Recently, SAPPO visited a few commonages in the Western Cape. The Western Cape smallholder and developing pig farming environment is dominated mainly by what is regarded as a commonages /communal farming systems. This is where a group of farmers operate as separate businesses that share land. The most interesting commonage visited was in Paarl, Mbekweni, where about 80 farmers owning different livestock, including pigs, sheep, goats, broilers, and layer chickens, farm on approximately 2 ha of land. With about 1 500 pigs belonging to different farmers, the commonage previously experienced an outbreak of African swine fever (ASF), but continued farming.
Considering the economic and industry challenges, farmers in this area make end meets due to their successful marketing strategy. They are both producers and retailers, and sell their products for up to R76/kg of fresh pork. Farmers also actively participate in the “Tshisanyama” market, which is believed to be highly profitable. With their low-cost housing and rations that are not particularly well balanced, the standard practice is to slaughter a pig at six months of age, while the farmer does not know the pig’s weight due to the unavailability of scales. From observation, pigs considered to be six months old weigh between 70 kg and 80 kg on a live weight basis. Sold fresh, farmers are able to fetch between R5 000 and R6 000 per pig, an income they would not realise if they were selling directly to the abattoir.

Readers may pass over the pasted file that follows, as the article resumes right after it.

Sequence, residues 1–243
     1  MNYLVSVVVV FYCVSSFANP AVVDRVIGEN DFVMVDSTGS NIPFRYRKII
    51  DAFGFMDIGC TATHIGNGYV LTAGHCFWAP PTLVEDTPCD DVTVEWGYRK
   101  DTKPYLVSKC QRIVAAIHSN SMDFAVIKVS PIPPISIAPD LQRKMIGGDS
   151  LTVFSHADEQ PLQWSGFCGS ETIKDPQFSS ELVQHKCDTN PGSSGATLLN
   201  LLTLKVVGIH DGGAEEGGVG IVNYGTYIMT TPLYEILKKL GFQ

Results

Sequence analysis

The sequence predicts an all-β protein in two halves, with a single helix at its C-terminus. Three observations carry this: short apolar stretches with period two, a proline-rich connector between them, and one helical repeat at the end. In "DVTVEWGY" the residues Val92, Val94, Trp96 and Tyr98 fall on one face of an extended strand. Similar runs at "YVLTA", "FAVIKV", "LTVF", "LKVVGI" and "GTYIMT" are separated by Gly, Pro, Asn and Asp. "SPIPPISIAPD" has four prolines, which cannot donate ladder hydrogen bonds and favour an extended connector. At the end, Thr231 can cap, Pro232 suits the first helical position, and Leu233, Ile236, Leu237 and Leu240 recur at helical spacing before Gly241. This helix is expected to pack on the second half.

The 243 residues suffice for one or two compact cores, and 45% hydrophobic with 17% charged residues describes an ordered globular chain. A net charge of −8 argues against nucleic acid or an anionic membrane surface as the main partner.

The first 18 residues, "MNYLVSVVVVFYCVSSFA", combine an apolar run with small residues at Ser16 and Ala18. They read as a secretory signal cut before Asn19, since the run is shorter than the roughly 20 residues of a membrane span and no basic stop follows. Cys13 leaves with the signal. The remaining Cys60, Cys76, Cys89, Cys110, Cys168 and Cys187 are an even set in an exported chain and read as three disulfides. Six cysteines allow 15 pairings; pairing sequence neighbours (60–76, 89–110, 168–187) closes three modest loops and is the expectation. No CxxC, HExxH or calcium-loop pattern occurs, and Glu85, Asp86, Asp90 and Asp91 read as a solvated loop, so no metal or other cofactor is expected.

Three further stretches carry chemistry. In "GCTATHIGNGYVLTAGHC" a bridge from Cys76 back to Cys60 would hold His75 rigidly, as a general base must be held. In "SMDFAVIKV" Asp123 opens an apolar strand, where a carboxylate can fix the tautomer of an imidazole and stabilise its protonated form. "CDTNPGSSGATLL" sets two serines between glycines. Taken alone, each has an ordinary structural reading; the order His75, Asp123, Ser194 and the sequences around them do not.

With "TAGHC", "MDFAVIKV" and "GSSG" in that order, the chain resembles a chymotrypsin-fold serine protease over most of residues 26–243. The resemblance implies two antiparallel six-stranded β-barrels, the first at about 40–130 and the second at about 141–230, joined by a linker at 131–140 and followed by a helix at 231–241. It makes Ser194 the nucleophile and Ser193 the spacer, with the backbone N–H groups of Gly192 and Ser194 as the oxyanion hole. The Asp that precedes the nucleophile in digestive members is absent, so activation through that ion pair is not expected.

The key lesson learnt from these farmers lies in their the ability to identify risks and opportunities as well as to understand market conditions.
The South African Pork Producers’ Organisation (SAPPO) coordinates industry interventions and collaboratively manages risks in the value chain to enable the sustainability and profitability of pork producers in South Africa.